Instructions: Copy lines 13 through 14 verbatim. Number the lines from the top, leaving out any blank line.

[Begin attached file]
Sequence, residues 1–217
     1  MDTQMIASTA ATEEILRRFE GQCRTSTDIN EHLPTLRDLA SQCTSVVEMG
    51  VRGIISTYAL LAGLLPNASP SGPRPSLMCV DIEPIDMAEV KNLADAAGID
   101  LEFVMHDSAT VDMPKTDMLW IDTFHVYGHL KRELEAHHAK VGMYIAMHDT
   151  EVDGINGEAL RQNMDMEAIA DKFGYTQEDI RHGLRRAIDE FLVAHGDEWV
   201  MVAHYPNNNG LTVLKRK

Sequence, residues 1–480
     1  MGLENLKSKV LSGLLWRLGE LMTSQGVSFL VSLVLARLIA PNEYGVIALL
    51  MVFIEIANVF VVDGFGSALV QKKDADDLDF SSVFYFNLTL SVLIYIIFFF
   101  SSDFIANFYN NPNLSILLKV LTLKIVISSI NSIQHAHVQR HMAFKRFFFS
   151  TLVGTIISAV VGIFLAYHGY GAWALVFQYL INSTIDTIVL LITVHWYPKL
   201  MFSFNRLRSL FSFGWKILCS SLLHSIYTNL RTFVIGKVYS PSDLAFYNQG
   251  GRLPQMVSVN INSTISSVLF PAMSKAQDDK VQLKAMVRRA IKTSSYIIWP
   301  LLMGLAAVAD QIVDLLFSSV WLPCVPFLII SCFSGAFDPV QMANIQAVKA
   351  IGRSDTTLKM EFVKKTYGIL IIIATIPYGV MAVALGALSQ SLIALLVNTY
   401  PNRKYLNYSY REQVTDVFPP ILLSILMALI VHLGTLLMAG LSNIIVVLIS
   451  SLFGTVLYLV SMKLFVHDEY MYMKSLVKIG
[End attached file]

   251  GRLPQMVSVN INSTISSVLF PAMSKAQDDK VQLKAMVRRA IKTSSYIIWP
   301  LLMGLAAVAD QIVDLLFSSV WLPCVPFLII SCFSGAFDPV QMANIQAVKA